Whoa, that would... I mean... I'm out of words. I would so love to be able to go.

You have any idea of when it might be? I mean, what quarter of the year? (Q1/Q2/Q3/Q4)

I'm a guy who plans alot, almost too much.

Oh, just a quick question (or maybe not). Do you have any tips for a beginner to start 'painting' digitally. I do know how to sketch, but do really need to start with realism. No need to tell things like use real life references and such. I mean, is there some small things you haven't mentioned in here that made some things hell of alot easier for you when working? Would be nice to know. Some times the smallest of details are the most worth ones.


Oh, one more question. I know alot of artists think negatively of the more asian comic styles like anime/manga/manwa. What is your opinion about it? Do you also see it as a bad thing for beginners to start drawing a comic style in general, may it be asian, american or france?

Last edited by InAction : 04 April 2005 at 04:56 PM.
  04 April 2005
Hello Linda,

I just really want to personally say "thank you". Because of the work created by you and several other artists, I've taken a renewed interest in sketching and creating digital artwork (I used to draw prolifically years ago, but school began to take up more of my time, so I had stopped).
Your artwork has such a refreshing-original, "clean" quality to it that I've never really seen before in other artists. As I said before in your Master & Servant thread, if I can ever get my skills up to even a tenth of what you can do, I'll consider myself very lucky.

I do have a few questions in regards to your digital painting.

1. Do you sketch directly into Photoshop, or do you first sketch your ideas out on paper and then scan it into PS?

2. You mentioned that you paint mostly in Photoshop, rather than Painter. Did you decided on that mostly because you were more confortable using PS brushes rather than Painter's, or also because of other reasons (like that PS handles layer management much better than Painter)?

3. When using your PS brushes, is the "painter"-like effect of your brushstroke created through changing brush settings such as Color Dynamics, Texture, or Opacity Jitter - or is there other factors as well?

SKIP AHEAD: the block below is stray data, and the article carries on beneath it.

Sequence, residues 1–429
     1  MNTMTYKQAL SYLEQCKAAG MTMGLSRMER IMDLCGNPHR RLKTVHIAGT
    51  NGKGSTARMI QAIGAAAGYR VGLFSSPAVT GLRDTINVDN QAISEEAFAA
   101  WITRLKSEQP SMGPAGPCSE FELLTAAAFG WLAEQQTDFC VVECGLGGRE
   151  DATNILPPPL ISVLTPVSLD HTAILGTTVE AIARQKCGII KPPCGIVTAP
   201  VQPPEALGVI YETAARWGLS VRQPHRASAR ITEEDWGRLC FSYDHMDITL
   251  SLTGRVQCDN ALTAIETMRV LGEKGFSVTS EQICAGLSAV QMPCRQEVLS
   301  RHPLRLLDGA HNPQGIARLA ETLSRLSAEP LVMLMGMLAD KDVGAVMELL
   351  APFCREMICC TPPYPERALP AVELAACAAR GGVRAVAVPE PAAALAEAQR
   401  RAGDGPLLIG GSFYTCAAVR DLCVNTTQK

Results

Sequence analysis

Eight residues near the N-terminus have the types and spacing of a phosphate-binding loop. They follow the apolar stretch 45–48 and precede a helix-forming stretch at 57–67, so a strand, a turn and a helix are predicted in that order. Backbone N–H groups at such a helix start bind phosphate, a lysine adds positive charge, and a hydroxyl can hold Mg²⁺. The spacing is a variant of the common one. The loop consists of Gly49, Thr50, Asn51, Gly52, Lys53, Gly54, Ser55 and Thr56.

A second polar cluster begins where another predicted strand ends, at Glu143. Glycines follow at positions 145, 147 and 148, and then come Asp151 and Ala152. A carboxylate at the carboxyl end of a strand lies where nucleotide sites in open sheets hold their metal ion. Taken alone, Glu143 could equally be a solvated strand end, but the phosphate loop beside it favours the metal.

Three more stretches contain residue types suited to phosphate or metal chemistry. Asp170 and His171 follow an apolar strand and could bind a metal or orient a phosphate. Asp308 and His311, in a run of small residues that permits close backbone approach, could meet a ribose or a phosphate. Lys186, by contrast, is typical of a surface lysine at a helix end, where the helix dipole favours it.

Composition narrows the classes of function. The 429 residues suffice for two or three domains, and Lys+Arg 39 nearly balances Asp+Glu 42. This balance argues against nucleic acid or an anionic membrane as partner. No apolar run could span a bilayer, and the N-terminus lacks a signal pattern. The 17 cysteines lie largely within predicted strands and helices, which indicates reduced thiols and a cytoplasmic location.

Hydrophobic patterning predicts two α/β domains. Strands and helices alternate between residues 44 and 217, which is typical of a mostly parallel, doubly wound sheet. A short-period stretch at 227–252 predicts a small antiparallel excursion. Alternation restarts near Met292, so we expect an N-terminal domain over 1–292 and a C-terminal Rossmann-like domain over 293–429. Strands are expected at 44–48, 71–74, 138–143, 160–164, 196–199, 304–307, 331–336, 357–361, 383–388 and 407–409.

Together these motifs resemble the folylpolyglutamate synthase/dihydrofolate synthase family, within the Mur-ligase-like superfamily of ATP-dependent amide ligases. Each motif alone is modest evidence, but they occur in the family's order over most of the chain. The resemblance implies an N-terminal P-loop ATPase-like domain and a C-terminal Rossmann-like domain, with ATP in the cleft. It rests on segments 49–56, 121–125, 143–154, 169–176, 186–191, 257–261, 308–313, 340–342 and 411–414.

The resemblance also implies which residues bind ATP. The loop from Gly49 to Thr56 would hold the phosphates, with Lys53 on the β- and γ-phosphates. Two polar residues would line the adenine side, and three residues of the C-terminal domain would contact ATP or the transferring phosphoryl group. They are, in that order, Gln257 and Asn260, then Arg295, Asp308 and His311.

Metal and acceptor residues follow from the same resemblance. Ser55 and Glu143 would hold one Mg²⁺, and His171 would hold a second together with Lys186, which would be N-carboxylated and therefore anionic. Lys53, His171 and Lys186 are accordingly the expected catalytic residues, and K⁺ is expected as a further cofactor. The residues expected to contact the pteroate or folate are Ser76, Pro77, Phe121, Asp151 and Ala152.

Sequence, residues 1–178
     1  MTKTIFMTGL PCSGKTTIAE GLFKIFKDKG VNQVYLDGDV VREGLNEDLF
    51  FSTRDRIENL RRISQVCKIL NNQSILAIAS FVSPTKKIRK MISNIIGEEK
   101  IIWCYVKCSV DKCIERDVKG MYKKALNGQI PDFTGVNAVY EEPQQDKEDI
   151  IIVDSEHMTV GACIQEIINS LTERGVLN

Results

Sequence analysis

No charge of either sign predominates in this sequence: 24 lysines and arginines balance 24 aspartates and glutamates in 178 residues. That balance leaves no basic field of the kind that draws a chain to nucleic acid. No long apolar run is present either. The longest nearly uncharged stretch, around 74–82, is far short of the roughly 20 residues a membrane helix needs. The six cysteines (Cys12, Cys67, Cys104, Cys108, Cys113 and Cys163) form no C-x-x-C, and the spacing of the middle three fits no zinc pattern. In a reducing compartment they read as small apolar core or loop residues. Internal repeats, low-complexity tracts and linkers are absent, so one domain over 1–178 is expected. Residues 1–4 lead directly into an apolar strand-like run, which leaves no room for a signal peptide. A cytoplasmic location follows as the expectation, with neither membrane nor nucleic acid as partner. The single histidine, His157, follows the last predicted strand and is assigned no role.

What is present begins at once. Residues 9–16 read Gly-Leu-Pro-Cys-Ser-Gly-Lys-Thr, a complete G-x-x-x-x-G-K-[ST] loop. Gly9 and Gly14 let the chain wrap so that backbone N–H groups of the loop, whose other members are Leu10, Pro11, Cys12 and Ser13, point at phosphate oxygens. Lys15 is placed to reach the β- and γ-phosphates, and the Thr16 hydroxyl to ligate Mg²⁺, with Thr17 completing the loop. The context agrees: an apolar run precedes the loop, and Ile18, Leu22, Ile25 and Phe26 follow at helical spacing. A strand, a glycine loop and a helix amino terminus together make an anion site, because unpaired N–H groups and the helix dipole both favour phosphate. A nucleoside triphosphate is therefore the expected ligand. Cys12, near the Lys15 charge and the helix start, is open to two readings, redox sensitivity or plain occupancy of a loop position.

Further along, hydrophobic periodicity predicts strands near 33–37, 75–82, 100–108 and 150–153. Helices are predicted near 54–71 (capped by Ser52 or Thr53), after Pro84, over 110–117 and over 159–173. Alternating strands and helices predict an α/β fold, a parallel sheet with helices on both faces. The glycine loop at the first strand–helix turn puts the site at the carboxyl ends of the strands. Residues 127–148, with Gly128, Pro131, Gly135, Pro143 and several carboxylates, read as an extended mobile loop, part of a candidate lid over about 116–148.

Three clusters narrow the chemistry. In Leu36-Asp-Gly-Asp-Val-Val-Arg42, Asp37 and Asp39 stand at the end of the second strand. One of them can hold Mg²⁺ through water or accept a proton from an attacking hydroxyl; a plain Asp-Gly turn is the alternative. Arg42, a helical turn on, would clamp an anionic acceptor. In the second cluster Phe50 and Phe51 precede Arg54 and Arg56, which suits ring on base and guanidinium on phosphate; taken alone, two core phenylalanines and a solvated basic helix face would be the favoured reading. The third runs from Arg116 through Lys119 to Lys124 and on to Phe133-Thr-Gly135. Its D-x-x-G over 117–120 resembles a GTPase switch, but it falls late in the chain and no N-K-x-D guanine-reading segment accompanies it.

I'll appreciate any of the answers that you can give for my questions.
And again, thanks.
My eyes are open, yet I continue on dreaming
  04 April 2005
Originally Posted by Enayla: Tell you what... these are the brushes I'm using for my current picture. Take a look and see if you find anything good there - a warning though, they're in terrible disarray (unnamed for added confusion)

Wow, you have some pretty cool textured brushes. I had a lot of fun finding there shapes on a blank canvas. I was wondering (sorry for asking so many questions) how you make some of your textured brushes. Do you make them in Photoshop or Painter? And if its Painter, which tools do you use? (I've made probably one in Painter using the Watercolor brush, but I don't know what other ones to use to make some other cool brushes). Just curious is all. Again, I'm sorry for asking so many questions...

Oh, and could you call me Steph instead of Sylanya? Thanks!
  04 April 2005
heya Linda, it took me a while to read through but i made it. (: You dont seem to mind to answer everyone not even when its already answered before. You are not only a natural in painting, you are also a very warm person too! (: So.. ehm what shall i ask.. what are your favorite ps shortcuts besides ctrl-z? I like resting my thumb on B (brush) and my other fingers on E (eraser) and R (smudge) while i hold my wacom-pen with the other hand. And often, i increase the brush size with [ and ] and opacity 1-2-3-4-5-6-7-8-9-0. Sorry, if its a silly question, i didnt come up with any better.

ps: ulrika is the first color colour, mikaela the third. See, i did read everything through. (:
  04 April 2005
Tjenare, Linda!

I've always wondered how you get your paintings to "pop" in the ways they do. You seem to have so much more insightful shading technique than any other artist I know of. They look like brilliant 3d-renders. When I saw the thumbnail for "Ladies of London" I immideately was thinking "I wonder what renderengine that modeler is using?".
I fought for hours to pick up my jaw from the floor after I found out that it was a painting. How do you do it? Seriously?
The funny thing is that I can't always point out the lightsource in your paintings, still they seem to pop out from my screen. It drives me mad, I can't get down that effect so nicely. The illusion you get is so perfect. How do you think when you are shading?

Thank you so much for taking your time to do this and extra big thanks for sharing your SUPERNICE brushes.

Fortsätt rocka fett!
  04 April 2005
You are a great inspiration to many, and I mean it.

1- You are always saying how shy you are, and then you manage to have more than four best friends. What’s the trick to fight your shy person? or is it just luck?
Do you think that the people around you, outside of your family, have helped you, so to say, to fight your shyness, and if so, how?

2- Would you kill me if I sen't your left arm to Tim Burton? Metaphorically speaking, of course.

3- What do you suggest a man with brown afro/Che Guevara looking hair, brown eyes, latino coloured skin, and with a rather skinny figure to wear? You got some style and a great colour sense to go with that, and a whole lot of what I currently keep in my closet is sort of ready to be thrown away.

4- I’m getting into drawing. Bought a sketch book today and I’ll start with dimensions and cubes, after that I’ll imagine that we are all ugly robots, made with only basic forms, and I’ll draw that. It’ll be nasty and boring, but do you think I am on the “right” way?

I would also like to compliment on your work in d’artiste, my sister got it today, you see. Beautiful gallery, intelligent tutorials.